ESCANABA — The third try was the charm for DeTour junior Madison Wilkie on Thursday as she earned the Upper Peninsula Division 3 girls golf championship for the first time.
Wilkie, who was runner-up the past two years, fired an 85 at the Escanaba Country Club on this sunny and mild day.
“I think today I was a lot less nervous,” she said. “I’ve been here before and played quite a few rounds on this course. Being familiar with the course helps a lot.”
Wilkie became the first DeTour golfer to be crowned U.P. champion since 2007, when Erin Worden captured the Division 3 title.
Cedarville claimed the team championship for the first time in four years with 402 strokes, followed by DeTour with 434, Munising 460 and two-time reigning champion Bark River-Harris 465.
Wilkie started with a 45 on the front nine, then lowered her score to 40 on the back.
‘I could have done better on the front nine,” she added. “Before we got on the back nine, I told myself I could play a lot better. I started hitting my shots more solid. I was getting better contact with my irons, especially on my approach shots. My tee shots were pretty consistent.”
Cedarville senior Annie Eberts was runner-up at 89. DeTour junior Kaalin Crawford placed third with a 94.
“This is the third time I played here for the Finals,” said Eberts, who shot 97 the past two years. “In the past when a hole didn’t go my way, I would get mad and that’s the worst thing you can do. I stayed calm this time. When a hole didn’t go my way, I just focused on the next hole. I practiced a lot this year. I wanted to end on a good note and help our team. We all worked hard, did our responsibilities and pulled our weight. Madison is a very good player and deserves to be champion. She works hard at her game, too.”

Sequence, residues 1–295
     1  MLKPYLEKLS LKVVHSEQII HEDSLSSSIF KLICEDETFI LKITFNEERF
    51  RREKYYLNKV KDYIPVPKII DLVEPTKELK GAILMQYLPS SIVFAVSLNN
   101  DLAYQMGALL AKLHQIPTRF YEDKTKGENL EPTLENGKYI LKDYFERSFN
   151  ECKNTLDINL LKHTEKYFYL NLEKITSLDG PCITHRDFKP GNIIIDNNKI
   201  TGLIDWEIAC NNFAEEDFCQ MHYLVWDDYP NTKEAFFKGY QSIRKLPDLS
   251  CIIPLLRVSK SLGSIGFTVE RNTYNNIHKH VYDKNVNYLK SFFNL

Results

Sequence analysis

The golfers were greeted by temperatures in the mid 60s and a gentle breeze from the south.
“It was a beautiful day to play,” said Crawford. “You just had to pay attention to the wind. I thought the greens were in perfect shape, and my short game was working pretty good. Taking second as a team will definitely motivate us for next year.”
All four DeTour golfers are juniors.
“The girls played well all year,” said DeTour coach Keli Kelly. “Madison had been close the past couple years and finally sealed the deal today. Us and Cedarville had been the main competition in our area all season. This is a tribute to the girls and all the hard work they do.”
Cedarville has three juniors and an eighth-grader, with Eberts its lone graduate.
“The biggest key is all the girls performed better than in previous meets,” said Cedarville coach Dewey Lopes. “Annie plays real well. She was in a slump earlier, but came through big-time. Our eighth-grader (Lily Freel) also did well under pressure. We’ll graduate Annie. Everybody else will be back, but she’ll be hard to replace.”
Chassell freshman Marli Hietala took fourth at 97, followed by Freel at 98 and Cedarville junior Elissa Griffin at 100.
Junior Bailey Downs was Munising’s leader in seventh (101) and BR-H senior Hannah Starnes was eighth (103).
“I’m very proud of our girls,” said Bark River-Harris coach Scott Farnsworth. “They’ve worked very hard all year. Golf is one of those sports in which every day is different and each year the competition changes. Cedarville and DeTour are very strong teams. There’s pretty good competition all the way around in D-3.”
Painesdale-Jeffers junior Julia Nordstrom in ninth (106) and Big Bay de Noc junior Ariel Cousineau (108) rounded out the top 10 individual placers.
PHOTOS: (Top) DeTour's Madison Wilkie tees off on No. 10 at Escanaba Country Club during Thursday's Final. Wilkie, a junior, was the tournament's medalist with an 85. (Middle) Cedarville's Lily Freel watches her putt catch the lip of the hole on No. 6. Freel, an eighth grader, took fifth overall with a 98. (Photos by Amanda Chaperon.)
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Below is this week's segment – Animal Interference - Listen
In golf – it’s common to hear about birdies, eagles, maybe even an albatross. Or in my case, a snowman. But what if an actual animal interferes with your ball while in play?
There are two kinds of interference.
The first involves a ball still in motion. If you are putting and a squirrel darts out and stops or redirects your putt, you simply get a do-over from the original spot.
Off the green, if a moving ball is stopped or re-directed, you play the ball from where it ultimately stops.
If your ball is stopped and a seagull picks it up and carries it off – you just replace the ball to its original spot and proceed.
It doesn’t happen often, but now you know how to deal with squirrels and seagulls … in addition to birdies and eagles.
(PHOTO by Gary Shook.)